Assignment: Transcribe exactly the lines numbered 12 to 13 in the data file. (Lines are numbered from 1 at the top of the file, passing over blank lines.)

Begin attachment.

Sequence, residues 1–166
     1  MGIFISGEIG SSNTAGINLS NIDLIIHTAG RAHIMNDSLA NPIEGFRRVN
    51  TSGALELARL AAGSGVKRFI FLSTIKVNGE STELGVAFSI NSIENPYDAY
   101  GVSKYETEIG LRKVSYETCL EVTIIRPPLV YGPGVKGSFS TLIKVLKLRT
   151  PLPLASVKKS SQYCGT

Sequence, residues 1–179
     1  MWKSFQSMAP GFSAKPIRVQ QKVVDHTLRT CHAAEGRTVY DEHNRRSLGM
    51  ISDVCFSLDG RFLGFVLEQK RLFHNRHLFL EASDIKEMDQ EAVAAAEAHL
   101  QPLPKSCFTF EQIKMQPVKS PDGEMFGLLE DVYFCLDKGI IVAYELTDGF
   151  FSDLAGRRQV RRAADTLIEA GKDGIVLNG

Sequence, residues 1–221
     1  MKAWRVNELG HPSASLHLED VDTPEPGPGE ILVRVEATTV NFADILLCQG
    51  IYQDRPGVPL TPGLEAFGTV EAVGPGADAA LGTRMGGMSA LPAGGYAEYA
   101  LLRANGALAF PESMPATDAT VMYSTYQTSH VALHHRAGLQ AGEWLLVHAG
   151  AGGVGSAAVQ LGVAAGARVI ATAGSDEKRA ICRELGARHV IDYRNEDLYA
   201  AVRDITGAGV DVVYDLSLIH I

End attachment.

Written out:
     1  MKAWRVNELG HPSASLHLED VDTPEPGPGE ILVRVEATTV NFADILLCQG
    51  IYQDRPGVPL TPGLEAFGTV EAVGPGADAA LGTRMGGMSA LPAGGYAEYA